Additionally, Gov. Baldacci's support contradicts his own Energy Plan. His plan requires a year-long "dialogue" on LNG to determine if it is a good fit for Maine -- a process that has not yet begun.

The Governor's attempt to assert Canada has an agenda other than safety of its citizens and environment is unfounded and unsubstantiated. Innocent passage is the issue, as even the world LNG industry indicates. The Society of International Gas Tanker and Terminal Operators (SIGTTO), representing virtually the entire world LNG industry, has published best practices for LNG terminal siting. LNG terminals in Passamaquoddy Bay cannot be made to fit those best practices. Canada's prohibition is in perfect agreement with the industry on this matter. The US, on the other hand, brushes aside those best practices, rationalizing that they are not law.

Canada voiced its prohibition of these projects in 2007. The real puzzle is why Governor Baldacci and the LNG developers refuse to relocate these projects in industry-compliant locations instead of using a flawed argument to pick an unnecessary and winless fight.
I have been informed by the US Coast Guard they are currently investigating the issue of ammonium nitrate shipments to Bayside, NB. For the same reason as Canada's ban on LNG transits into Passamaquoddy Bay, the US would be within its authority to ban ammonium nitrate transits in US waters.
"Canaport LNG, a partnership between Irving Oil (25%) and Repsol YPF (75%), is constructing a state-of-the-art LNG receiving and regasification terminal in Saint John, New Brunswick that will begin operations in late 2008. It will be the first LNG regasification plant in Canada, sending out natural gas to both Canadian and American Markets. The LNG have a send-out capacity, or the ability to distribute via pipeline, 1 billion cubic feet (28 million cubic meters) of natural gas a day after it has been regasified from its liquid state.[8]...",_New_Brunswick

Is Canada possibly trying to protect its economic interests under the guise of environmental concerns, or are there genuine (excessive) environmental risks/concerns in Maine's proposal?
Canada and New Brunswick have both repeatedly stated they do not oppose LNG development in Maine. They simply oppose LNG in Passamaquoddy Bay, due to it being an unsafe fit.
Can the validity of their concerns be accurately and non-subjectively assessed?
The LNG industry terminal siting best practices indicate...
• long, winding, inland waterways, with high tides and fast currents;
• with existing conflicting uses; and
• >>> where LNG vapors from a release could affect civilian populations <<<
...are unfit for LNG facilities.

The Passamaquoddy Bay proposals would require thousands of civilians in New Brunswick and Maine be subjected to LNG ships' Federally-defined 2.2-mile-radius Hazard Zones. There is no question that Passamaquoddy Bay does not conform to LNG industry best practices.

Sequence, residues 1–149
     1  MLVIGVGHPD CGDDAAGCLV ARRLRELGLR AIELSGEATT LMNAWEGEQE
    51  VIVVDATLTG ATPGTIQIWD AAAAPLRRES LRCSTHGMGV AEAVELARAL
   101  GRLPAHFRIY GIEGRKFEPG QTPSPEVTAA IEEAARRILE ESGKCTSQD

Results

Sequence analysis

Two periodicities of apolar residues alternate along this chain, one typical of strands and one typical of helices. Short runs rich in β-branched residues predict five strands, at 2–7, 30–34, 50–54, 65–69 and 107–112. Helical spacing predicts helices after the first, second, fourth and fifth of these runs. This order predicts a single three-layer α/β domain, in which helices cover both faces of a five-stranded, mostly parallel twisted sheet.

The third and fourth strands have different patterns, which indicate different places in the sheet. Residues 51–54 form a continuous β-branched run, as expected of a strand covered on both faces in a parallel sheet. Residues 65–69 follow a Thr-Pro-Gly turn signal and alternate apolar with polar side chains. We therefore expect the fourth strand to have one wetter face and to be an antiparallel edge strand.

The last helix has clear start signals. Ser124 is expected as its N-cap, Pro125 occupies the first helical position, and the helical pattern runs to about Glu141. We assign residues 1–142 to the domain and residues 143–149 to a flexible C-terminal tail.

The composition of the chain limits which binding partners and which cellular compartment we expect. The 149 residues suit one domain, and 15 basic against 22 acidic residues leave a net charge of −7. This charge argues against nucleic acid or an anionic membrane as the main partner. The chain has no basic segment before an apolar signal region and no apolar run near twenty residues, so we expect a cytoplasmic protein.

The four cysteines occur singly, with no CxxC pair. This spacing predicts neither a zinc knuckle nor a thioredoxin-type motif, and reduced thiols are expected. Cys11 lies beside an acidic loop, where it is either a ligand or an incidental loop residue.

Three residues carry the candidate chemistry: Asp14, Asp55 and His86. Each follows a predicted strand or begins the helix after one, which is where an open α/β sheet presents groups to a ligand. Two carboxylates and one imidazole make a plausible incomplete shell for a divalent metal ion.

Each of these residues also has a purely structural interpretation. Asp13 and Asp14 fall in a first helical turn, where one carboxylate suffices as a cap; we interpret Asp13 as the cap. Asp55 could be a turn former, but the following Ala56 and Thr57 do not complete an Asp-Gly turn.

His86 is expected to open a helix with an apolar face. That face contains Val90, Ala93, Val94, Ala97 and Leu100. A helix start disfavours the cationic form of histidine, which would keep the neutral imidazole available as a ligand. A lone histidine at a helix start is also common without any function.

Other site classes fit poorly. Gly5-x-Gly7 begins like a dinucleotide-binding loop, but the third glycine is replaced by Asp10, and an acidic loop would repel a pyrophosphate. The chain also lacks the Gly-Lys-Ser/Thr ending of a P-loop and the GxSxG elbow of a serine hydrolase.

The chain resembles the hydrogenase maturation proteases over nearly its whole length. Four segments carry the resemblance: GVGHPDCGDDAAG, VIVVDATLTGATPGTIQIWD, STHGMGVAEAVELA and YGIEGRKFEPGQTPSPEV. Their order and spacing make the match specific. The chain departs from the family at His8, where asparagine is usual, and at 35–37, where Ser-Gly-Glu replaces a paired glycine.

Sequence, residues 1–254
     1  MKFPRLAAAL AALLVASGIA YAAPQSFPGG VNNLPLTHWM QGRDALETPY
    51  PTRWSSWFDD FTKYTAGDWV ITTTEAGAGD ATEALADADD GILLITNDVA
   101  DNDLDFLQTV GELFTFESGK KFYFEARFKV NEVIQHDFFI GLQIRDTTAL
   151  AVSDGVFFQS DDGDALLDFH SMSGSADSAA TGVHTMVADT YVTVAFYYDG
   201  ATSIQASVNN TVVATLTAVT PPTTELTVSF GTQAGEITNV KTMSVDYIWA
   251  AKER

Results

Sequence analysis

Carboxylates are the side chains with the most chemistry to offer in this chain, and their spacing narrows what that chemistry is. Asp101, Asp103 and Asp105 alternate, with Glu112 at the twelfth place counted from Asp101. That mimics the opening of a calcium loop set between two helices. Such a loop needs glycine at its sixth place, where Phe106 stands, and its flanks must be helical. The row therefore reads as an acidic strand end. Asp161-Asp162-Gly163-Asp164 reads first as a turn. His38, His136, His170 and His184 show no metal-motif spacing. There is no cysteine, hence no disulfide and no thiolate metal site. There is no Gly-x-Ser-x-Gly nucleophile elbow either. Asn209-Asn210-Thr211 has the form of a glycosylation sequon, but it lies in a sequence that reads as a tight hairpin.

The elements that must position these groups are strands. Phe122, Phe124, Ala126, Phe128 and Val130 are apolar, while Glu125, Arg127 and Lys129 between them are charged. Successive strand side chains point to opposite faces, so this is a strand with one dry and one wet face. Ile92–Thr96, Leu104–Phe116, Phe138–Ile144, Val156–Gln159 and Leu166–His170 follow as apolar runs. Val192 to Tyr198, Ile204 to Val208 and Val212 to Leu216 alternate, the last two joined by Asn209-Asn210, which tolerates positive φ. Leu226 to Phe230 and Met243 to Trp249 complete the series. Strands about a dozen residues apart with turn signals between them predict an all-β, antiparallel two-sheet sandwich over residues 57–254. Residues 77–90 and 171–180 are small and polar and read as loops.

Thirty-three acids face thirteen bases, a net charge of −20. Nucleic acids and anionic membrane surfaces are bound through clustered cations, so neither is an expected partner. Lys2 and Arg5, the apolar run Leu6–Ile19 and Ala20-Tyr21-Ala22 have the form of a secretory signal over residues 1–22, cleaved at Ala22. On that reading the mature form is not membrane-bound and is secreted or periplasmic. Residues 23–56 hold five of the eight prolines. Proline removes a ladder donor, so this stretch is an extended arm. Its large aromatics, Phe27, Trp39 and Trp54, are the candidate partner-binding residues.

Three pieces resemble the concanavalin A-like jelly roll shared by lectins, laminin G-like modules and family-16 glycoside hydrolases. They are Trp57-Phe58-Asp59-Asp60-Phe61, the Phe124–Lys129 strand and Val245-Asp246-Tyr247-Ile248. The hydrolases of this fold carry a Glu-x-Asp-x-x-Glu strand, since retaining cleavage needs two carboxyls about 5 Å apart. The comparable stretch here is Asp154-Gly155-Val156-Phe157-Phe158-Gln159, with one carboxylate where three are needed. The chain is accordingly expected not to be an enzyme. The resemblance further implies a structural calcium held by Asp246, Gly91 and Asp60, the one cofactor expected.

Note that Canaport LNG is in a rural industrial area, adjacent to an oil refinery, 5 miles across the water from Saint John, NB -- well outside US Federal Government-defined Hazard Zones.
Thanks for the information.
Please go to .The first article by Cliff Goudy of MIT shows how ridiculous the "innocent passage" position really is. Two google map representations show the difference between the approaches to Saint John and the approaches to Robbinston and Red Head in Passamaquoddy Bay via Head Harbour Passage. Huge difference wouldn't you say?

Also, the area supports a long-time sustainable industry based on tourism, fisheries, aquaculture, education, research, etc. that brings in between a half billion and one billion dollars each year. These businesses will be seriously disrupted by the exclusion zone that will exist around LNG tankers (2 miles ahead, one mile behind, and 1000 yard on each side - underway, at port, or during layover as I recall). These resource-based industries depend on an ecosystem that supports the highest biodiversity on the Atlantic coast of Canada, if not north of Cape Cod. This has been proven and substantiated scientifically. The reports are on the record at FERC.

Finally, the citizens of Quoddy, both Canadian and American, are the ones that wish to protect their homeland and the thousands of jobs that depend on this unique environment. It really has nothing to do with politics or Irving other than the Prime Minister, Premier and others have agreed to support our position in this serious matter. We pitched them and they are standing up for their electorate and Canada's rights.

To learn more about about why this place is so special, go to to see a presentation that was prepared over 2 years ago but is still valid today. Also shows the importance of Head Harbour Passage to whales, birds, fish, and humans right now. Several dozen endangered species, including the North Atlantic right whale, finback, and Harbour Porpoise, are in our trust. You will be astounded by the life that has been reported in Head Harbour Passage and vicinity this summer.

All of the scientific publications supporting these statements are in the public domain. It is sad that the Governor and others in Maine have not taken the time to learn for themselves how important Head Harbour Passage, West Isles, and Cobscook Bay really are. What's worse is the demonization of those of us here who are simply trying to protect our homes, jobs, and the environment that supports them ... for me that includes many generations from both sides of the border.

Finally, the contention that Head Harbour Passage is internal Canadian waters is supported by law, treaty, and definition. It's all in the documents folks. But, I admit it really does take patience and time to wade through to find the answer. It's really much easier to toss of words like "innocent passage", "NIMBY" and to use threats and insults.

Oh, by the way, if the Americans that control the Bayside port want to pack up and go home., that's okay by me ... and most of the citizens over here as well! What they have done and wish to do to our coast is and will remain, a moral sin and represents everything that you can expect from the LNG developments in Passamaquoddy Bay ... a future of destruction.